The purpose of DIME is to evaluate the safety (i.e. new onset of diabetes and other metabolic adverse events), efficacy and cost-effectiveness of antihypertensive treatment with low dose diuretics. The researchers' hypothesis is that use of low dose thiazide diuretics is metabolically safe when used with other appropriate antihypertensives, effective in reduction of blood pressure and cheaper than treatment without diuretics. Therefore, this study is an equivalence trial.
There has been substantial evidence from clinical trials to support the rationale of use of thiazide diuretics in patients with essential hypertension. Diuretics may be more effective in reduction of blood pressure in Japanese patients than Caucasian because of higher salt intake. Moreover, given a large number of hypertensive population here, diuretics may be the most cost-effective antihypertensive agent. Japanese physicians, however, tend to avoid diuretics even in elderly hypertensive patients because of much concern over metabolic adverse events including new onset diabetes, which is deemed to increase cardiovascular risk. Although it is unlikely that use of low dose (12.5 mg of HCTZ or less) diuretics is associated with metabolic adverse events when they are given with any other appropriate antihypertensive agents (e.g. Ca antagonist, ACE inhibitor, ARB, K sparing diuretics) other than β-blockers, the researchers have to confirm the safety of low dose diuretics in terms of new onset diabetes in Japanese, who are assumed to be "diabetes prone" based upon thrifty gene hypothesis.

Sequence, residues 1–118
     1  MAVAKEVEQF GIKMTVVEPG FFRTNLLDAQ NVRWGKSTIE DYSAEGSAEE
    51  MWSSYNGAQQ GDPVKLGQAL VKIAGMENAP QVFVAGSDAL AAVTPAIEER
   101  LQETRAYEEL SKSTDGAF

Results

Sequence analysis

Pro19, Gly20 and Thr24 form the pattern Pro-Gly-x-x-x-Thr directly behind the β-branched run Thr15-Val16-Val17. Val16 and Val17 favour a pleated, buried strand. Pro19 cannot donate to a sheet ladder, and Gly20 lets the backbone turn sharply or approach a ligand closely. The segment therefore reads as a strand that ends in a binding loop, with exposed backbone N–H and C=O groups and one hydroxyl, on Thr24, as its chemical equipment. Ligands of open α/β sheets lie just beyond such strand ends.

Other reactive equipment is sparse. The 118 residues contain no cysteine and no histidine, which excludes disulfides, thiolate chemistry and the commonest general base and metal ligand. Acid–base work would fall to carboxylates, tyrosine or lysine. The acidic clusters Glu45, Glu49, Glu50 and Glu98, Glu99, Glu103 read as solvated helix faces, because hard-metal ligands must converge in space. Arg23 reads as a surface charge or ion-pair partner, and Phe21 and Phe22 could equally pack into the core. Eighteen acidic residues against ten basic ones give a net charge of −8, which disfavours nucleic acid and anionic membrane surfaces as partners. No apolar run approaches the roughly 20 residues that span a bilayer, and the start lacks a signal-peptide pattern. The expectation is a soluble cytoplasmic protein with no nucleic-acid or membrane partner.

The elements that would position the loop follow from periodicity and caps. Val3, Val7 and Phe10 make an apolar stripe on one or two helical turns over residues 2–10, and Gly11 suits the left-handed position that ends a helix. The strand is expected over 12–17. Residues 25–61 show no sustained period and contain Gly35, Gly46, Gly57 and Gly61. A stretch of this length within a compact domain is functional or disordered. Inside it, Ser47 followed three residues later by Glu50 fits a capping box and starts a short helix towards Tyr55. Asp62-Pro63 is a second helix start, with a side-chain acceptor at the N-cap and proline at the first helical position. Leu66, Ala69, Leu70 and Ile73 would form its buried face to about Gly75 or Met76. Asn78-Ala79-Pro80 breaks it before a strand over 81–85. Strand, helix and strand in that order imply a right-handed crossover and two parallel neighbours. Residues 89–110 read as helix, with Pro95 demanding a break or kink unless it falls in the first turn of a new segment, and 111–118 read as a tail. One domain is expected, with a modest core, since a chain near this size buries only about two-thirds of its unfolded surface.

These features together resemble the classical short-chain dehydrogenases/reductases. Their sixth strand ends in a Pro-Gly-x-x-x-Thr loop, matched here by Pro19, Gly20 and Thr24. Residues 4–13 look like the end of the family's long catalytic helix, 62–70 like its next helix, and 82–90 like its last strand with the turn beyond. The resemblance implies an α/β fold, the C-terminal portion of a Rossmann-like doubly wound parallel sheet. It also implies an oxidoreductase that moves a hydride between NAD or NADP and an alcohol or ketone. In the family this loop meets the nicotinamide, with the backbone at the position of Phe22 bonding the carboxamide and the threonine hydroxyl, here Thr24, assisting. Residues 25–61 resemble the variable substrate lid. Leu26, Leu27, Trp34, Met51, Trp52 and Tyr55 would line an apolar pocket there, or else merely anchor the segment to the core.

Phase 4
Allocation: Randomized
Intervention Model: Parallel Assignment
Masking: Single (Outcomes Assessor)
Primary Purpose: Prevention
  • Drug: Thiazide diuretics
    Any dosage, frequency, and duration
  • Drug: No diuretics
    Any antihypertensive regimen other than diuretics
  • Active Comparator: 1
    Diuretics use
    Intervention: Drug: Thiazide diuretics
  • Active Comparator: 2
    No diuretics use
    Intervention: Drug: No diuretics